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Firefighters come from 'all over'
to fight Goat Creek Canyon blaze

by Suzanne Vernon
For the Pathfinder
May 7, 1998

Firefighters in the Swan Valley continued to battle a 150-acre blaze in the Goat Creek Canyon on Tuesday.

According to Swan River State Forest supervisor Glen Gray, fire conditions now are more like July than May.

"This is highly uncommon. We have large fuels with low fuel moisture, more typical of July. The relative humidity is typical of July," he explained. "We don't normally expect this kind of potential until July."

The main 150-acre Goat Creek fire also started a spot fire, which burned an additional 50 acres since Sunday.

The Goat Creek fire, located in a canyon on both Plum Creek and Forest Service property, made its initial run on Sunday, Gray said. It grew from 70 acres on Sunday to 150 acres on Monday because of strong, down-canyon winds Sunday evening, Gray explained.

On Monday, Gray said, the fire "did some creeping downhill" but otherwise, changed very little in size.

The fire is burning in "goat rocks, cliffs and talus," Gray said, describing the rugged country. The cause of the fire is still under investigation, he said.

The fire was about half contained as of noon on Tuesday, Gray said, and fire personnel hoped to have it completedly under control by late Wednesday.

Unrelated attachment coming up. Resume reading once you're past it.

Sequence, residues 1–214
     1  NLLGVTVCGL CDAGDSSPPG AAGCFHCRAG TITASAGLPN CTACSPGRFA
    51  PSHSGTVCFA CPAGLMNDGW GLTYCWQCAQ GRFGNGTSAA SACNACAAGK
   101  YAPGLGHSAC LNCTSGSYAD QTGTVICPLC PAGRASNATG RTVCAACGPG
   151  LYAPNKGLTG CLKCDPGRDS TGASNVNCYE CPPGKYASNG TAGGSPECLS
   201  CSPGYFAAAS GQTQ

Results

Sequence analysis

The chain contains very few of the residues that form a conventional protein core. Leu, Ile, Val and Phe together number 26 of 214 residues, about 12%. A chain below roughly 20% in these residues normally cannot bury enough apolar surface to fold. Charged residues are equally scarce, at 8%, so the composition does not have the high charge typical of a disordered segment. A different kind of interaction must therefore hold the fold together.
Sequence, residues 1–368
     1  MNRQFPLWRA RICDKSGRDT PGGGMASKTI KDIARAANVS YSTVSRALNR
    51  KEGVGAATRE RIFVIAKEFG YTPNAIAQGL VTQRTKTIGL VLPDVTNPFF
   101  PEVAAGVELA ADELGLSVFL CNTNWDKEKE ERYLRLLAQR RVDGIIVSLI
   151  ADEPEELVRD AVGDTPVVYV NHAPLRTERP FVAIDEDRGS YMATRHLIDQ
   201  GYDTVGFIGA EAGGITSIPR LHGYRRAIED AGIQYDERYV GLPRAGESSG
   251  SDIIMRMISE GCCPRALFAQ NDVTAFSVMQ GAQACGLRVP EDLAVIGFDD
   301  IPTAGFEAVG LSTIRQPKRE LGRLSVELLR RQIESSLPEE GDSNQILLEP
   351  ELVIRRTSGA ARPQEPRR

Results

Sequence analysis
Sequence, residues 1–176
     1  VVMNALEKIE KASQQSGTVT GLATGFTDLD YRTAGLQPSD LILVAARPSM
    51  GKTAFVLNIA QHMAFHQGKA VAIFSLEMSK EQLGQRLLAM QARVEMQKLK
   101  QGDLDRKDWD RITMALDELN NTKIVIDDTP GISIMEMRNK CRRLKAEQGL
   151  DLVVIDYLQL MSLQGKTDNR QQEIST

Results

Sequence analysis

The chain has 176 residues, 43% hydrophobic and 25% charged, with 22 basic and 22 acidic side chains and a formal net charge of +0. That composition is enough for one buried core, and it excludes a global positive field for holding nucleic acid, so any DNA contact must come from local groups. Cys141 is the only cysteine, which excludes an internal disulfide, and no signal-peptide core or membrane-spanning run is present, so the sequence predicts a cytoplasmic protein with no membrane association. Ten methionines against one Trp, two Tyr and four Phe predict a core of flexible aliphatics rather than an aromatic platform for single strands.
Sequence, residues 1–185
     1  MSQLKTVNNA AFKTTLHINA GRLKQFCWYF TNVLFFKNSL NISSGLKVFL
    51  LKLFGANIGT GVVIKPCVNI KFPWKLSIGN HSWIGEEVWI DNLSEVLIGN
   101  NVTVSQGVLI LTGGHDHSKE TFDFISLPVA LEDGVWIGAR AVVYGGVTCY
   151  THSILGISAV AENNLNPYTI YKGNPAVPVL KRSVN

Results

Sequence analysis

Firefighters received some reprieve from the weather the second day of the fire. "We had better humidity recovery Monday night than since the fire started," Gray said. "Also, we didn't get the strong, forecasted winds."

About 150 firefighters were working in the steep canyon area on Tuesday. Gray expected more firefighters to arrive in Condon Tuesday night and Wednesday morning. Fire personnel were using the Condon Work Center as a base camp on Tuesday. According to Forest Service Information Officer Diana Enright, firefighters are coming from "all over" to help control this fire.

Enright advised local residents who burned slash piles earlier this spring to check their piles again. "If you think that the piles are out, you should check them again anyway, in case there are lingering hot spots," she said.

Enright, who flew into Condon from Lewiston on Tuesday, commented that conditions are dry throughout the region. "There's not much snow left on the mountains anywhere," she said.

Enright reminded local residents that burning permits are required in the Swan Valley from May 1 through September 30, and that dry conditions may cause permits to be cancelled. Residents should contact the Swan River State Forest north of Condon, the Seeley Lake Ranger Station, or the Seeley Lake Fire Department for more information about local conditions.

The Swan River State Forest provides direct fire protection for forest lands in the Swan Valley from Lost Creek near Swan Lake, to the Flathead-Clearwater Divide north of Condon.

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